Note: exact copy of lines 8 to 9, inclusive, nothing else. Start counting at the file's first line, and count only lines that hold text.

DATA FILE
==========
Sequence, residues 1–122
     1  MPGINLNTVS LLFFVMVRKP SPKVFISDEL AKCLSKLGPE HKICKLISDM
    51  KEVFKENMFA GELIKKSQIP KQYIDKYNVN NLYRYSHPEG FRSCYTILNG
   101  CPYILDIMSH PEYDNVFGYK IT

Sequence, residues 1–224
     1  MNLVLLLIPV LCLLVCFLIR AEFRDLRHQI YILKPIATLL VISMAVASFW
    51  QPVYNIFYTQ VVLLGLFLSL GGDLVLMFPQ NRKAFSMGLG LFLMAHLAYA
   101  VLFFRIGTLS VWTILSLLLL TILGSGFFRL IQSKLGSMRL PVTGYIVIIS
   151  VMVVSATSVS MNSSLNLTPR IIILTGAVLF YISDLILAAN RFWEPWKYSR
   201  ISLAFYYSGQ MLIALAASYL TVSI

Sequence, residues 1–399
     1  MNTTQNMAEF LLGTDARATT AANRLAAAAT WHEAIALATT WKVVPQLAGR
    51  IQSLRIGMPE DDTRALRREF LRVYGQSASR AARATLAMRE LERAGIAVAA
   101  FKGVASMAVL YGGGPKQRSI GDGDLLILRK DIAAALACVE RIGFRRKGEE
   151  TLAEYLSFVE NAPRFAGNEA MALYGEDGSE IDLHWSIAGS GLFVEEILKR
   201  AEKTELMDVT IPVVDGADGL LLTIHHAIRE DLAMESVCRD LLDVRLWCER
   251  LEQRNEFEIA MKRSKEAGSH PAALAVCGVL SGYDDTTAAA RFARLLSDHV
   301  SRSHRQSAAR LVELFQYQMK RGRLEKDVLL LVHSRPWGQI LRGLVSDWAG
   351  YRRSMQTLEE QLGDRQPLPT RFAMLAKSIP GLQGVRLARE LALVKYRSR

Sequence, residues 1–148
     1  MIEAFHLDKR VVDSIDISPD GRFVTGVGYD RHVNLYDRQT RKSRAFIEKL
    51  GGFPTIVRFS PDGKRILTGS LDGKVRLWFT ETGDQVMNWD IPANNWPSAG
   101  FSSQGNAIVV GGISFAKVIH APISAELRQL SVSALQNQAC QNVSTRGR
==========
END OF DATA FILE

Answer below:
   101  VLFFRIGTLS VWTILSLLLL TILGSGFFRL IQSKLGSMRL PVTGYIVIIS
   151  VMVVSATSVS MNSSLNLTPR IIILTGAVLF YISDLILAAN RFWEPWKYSR